For all of the hype generated by the Network Computer (NC) announced by a coalition of heavy hitters in the computer industry; the NC reference profile doesn't contain a revolutionary word. The NC standard is a collection of protocols and formats already in use the on web. A web browser is the software that turns a computer into an NC; if you read the NC Reference Protocol yourself, you'll recognize that the computer you're using right now is already compliant.

NC anywhere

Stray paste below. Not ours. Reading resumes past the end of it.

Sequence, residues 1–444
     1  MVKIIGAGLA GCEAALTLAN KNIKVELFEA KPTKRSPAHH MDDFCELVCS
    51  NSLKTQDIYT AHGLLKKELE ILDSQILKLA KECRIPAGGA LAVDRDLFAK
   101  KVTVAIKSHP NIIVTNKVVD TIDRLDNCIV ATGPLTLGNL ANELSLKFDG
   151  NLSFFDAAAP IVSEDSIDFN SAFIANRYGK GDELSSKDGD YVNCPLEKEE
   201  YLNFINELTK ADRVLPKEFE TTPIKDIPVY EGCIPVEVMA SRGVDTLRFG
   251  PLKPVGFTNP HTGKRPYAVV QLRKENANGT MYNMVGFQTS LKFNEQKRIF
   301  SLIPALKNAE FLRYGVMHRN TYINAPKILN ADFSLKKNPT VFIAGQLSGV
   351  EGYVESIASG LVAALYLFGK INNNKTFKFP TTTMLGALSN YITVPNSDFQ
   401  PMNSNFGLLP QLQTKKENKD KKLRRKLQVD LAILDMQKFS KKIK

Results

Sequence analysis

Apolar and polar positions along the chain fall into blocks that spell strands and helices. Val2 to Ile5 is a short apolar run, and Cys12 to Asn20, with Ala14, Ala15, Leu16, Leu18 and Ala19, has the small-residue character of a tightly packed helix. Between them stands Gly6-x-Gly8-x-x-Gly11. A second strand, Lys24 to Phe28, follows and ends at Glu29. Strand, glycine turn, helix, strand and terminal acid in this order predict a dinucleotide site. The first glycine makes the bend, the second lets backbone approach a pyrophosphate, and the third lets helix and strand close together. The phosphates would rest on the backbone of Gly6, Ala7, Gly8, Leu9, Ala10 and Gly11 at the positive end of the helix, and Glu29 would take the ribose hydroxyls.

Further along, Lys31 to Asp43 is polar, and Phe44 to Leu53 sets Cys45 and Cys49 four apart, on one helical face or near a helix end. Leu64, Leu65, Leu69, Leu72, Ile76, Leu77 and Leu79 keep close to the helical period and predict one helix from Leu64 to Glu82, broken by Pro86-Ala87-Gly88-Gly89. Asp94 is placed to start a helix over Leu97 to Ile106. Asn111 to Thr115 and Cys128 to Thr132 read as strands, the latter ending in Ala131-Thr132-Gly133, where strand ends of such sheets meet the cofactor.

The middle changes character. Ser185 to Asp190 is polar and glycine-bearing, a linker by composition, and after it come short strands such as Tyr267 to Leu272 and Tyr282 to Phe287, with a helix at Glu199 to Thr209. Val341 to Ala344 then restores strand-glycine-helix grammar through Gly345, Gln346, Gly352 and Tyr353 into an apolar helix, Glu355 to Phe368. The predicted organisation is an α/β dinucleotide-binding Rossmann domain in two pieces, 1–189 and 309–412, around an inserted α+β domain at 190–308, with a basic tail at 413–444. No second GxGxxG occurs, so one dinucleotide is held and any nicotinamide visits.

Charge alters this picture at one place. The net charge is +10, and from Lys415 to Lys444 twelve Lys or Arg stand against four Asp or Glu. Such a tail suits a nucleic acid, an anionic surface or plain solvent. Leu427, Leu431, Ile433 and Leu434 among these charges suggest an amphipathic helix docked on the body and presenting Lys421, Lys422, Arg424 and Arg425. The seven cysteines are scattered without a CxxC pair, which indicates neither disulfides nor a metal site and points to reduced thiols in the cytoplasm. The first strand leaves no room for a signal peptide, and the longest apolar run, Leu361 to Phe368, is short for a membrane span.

The announcement of a $500 NC has been greeted with ridicule by many people who already own computers; many people doubt that consumers would want to buy a specialized network computer when more powerful machines can be bought for not much more. The answer is that consumers don't have to buy them, although some will. Some people might want to have an NC in the house, but the best place for them is outside: at the corner store, the library, the airport and on the street. The NC doesn't just compete with the personal computer, it also competes with the pay phone.